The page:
Meet John C. McCain
John C. McCain
I am proud to be included here in and amongst these musicians who have been moved, influenced and touched by Ted Greene. Ted made a lasting impression on me and it seems I play something each day that came directly from his teaching and influence. He played the guitar the way I love to hear it – with warmth, tenderness, deep sensitivity and an exquisite sense of the beautiful.
I received an email from a young jazz guitar teacher in Europe asking about how to stay interested in what he was doing and how to make teaching more fun. I wrote the following in response and post it here in the hope that some bit of it may be of interest to you:
I really enjoy teaching and, particularly, helping a student to really ‘get it’(whatever “it” may be at the moment ) it’s clear to see when that happens…the student suddenly has extra energy and an excitement that motivates them to delve even deeper in the topic…
Students who give their instrument some regular dedicated practice time generally begin to appreciate their experience as interesting, enjoyable and fun and this translates back into further motivation and interest.
I endeavor to highlight the learning process for each student and help them feel continued excitement about the progress they experience as their skills and listening abilities expand.
Playing an instrument helps deepen appreciation for the elements of music ( rhythm, melody, harmony ) and students often find that their ability to perceive musical detail and nuance is greatly enhanced. This is something that can’t readily be experienced except through putting in the time and effort.
One way to keep it fun is to keep re-enforcing the fundamentals…if they are interested in jazz: have them play quarter notes or 8th notes over a 1 chord vamp with really solid time…can they keep the line going without hesitation? are they making nice note choices? are they developing thematic material ?
On a real practical level: How is their fretting hand technique ?…Where do they keep their fretting hand thumb ? How much overall force are they exerting ? Are the fingers kept so that they have easy access to the fingerboard or are they curled up near the palm when not in use ? Are they holding their pick too hard or too loose…? Do they like the tone they produce ? Have they explored other methods of tone production ?
Another way is to work with each student on the music they really love the most…using those tunes and performances to break down structural basics and concepts…pointing out a deeper dimension in what they already like ( maybe the deeper voice leading, maybe the way the artist uses dynamics ) always pointing the student towards a more subtle and nuanced approach to playing and experiencing music ( this then carries over into broader aspects of their life )
Ask them to breathe with their notes…breathe with their phrases…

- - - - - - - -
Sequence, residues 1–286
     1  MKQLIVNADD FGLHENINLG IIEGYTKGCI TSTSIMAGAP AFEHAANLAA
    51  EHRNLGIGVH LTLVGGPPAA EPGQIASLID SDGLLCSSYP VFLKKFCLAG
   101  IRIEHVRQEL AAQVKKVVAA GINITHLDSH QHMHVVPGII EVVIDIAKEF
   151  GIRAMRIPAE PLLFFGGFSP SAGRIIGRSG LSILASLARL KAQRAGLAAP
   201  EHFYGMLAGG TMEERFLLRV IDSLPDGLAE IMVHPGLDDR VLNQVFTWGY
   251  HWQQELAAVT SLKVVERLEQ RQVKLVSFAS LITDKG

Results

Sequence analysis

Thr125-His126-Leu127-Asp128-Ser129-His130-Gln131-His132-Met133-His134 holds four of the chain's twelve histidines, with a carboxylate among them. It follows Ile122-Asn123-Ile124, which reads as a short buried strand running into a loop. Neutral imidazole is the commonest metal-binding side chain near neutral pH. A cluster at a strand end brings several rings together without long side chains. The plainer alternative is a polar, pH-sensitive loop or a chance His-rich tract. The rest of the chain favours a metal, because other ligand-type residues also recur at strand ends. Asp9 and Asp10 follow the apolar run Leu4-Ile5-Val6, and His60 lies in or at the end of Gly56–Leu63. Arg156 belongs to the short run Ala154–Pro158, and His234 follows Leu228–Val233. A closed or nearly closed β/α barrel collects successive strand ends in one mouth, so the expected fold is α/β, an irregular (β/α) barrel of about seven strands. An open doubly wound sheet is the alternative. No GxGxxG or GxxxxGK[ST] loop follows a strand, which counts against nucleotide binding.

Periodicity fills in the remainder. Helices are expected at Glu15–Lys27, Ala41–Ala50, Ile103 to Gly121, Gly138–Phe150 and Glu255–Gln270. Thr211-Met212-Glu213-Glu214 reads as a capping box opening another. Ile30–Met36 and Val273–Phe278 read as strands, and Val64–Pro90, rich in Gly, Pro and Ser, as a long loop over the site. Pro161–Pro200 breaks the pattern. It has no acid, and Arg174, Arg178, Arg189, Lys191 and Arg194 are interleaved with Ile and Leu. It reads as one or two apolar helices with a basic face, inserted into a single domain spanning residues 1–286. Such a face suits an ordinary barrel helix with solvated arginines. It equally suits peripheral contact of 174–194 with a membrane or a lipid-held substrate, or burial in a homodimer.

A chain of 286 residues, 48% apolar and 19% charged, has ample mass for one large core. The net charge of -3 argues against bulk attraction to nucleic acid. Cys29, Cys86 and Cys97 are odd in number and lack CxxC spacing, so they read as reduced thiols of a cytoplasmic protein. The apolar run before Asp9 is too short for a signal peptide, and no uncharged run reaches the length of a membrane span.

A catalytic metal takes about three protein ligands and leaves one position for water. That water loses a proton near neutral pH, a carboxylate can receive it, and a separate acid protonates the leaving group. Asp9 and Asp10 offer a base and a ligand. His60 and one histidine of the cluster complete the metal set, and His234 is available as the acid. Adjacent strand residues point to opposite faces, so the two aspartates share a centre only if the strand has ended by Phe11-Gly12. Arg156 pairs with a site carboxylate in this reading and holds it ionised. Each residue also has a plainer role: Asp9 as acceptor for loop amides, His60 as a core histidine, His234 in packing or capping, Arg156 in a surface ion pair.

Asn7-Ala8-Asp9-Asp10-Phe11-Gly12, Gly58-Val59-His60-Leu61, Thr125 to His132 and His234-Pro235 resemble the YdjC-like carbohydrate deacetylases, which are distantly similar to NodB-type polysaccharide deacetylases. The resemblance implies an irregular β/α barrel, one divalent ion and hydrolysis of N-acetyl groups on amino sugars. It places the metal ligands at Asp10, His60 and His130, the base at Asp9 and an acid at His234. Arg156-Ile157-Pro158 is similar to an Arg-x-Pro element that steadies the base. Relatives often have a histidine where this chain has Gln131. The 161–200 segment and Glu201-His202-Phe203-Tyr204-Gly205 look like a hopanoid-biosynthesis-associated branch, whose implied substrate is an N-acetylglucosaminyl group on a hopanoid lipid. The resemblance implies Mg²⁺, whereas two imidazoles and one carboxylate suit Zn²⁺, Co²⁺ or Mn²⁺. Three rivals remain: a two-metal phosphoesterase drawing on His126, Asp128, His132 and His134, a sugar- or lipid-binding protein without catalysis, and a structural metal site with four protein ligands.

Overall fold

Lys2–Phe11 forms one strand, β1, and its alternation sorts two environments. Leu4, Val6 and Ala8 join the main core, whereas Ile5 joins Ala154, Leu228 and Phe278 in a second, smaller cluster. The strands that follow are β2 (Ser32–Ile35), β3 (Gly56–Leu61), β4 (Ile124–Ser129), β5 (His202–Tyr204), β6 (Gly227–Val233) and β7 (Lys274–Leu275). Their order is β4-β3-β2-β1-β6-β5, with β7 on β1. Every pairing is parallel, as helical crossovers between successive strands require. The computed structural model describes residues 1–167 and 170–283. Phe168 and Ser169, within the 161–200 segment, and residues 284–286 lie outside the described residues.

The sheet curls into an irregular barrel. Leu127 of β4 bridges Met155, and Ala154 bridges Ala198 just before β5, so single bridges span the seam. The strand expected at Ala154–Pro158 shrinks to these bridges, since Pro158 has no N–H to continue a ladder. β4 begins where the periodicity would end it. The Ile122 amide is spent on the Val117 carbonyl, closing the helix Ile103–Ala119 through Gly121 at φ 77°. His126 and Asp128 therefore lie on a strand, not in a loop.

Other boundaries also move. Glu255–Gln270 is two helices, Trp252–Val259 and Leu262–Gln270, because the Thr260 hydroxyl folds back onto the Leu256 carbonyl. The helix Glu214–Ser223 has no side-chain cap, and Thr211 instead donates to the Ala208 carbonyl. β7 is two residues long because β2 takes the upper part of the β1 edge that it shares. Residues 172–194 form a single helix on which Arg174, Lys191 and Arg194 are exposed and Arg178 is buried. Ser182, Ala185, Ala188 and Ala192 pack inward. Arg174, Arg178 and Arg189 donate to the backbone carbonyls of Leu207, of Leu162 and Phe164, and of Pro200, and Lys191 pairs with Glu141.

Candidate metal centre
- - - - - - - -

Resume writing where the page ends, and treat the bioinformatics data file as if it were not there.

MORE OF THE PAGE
if you haven’t checked out The Alexander Technique you may wish to do so…it isn’t about body posture so much as it’s about body awareness and usage…allowing the head and neck to be free, the spine lengthened, the hips and butt solid and stable…for players that sit down this can open up a whole other world…a body centered awareness that they carry into their playing and throughout the day…this is integration…the merging of the player with the person…it becomes a 24 hour a day continuity rather than some playing interspersed with periods of ‘dead-ness’ or ‘spaced out-ness” music deserves the respect that we are fully there when we play…attentive and ready to serve both the sound and the space…when we attend in this way good things often happen… these are just a few fruitful areas…I usually wish that lessons were longer so that we might get even deeper into learning…one certain way to enjoy teaching more and to make it more fun is to keep in mind the passing, ephemeral nature of our lives and the world…for a brief time we had the chance to sit, listen and occupy ourselves with something that doesn’t hurt anyone else, doesn’t leave scars, and doesn’t start wars…we are involved in something which promotes and fosters some of the deepest human feelings and ideals possible…
A reminder: to let all this be fun and have the actual playing remain enjoyable and relaxing… (rather than risk it becoming just a physical and technical challenge to master ) paying close attention to the sound you are actually making as you play is one way to keep your playing experience grounded in listening and appreciating… listening to the sound you are making in the room and staying sensitive to how what you are hearing interacts with your emotions and nervous system is something that a player of any level of experience can take part in… it’s where the richness is and it’s what listeners respond to when they hear someone sincerely playing with feeling and heart
I can easily be reached at:
For more about John please visit: http://www.youtube.com/user/2128169
or his webpage: http://southportlandguitar.wordpress.com/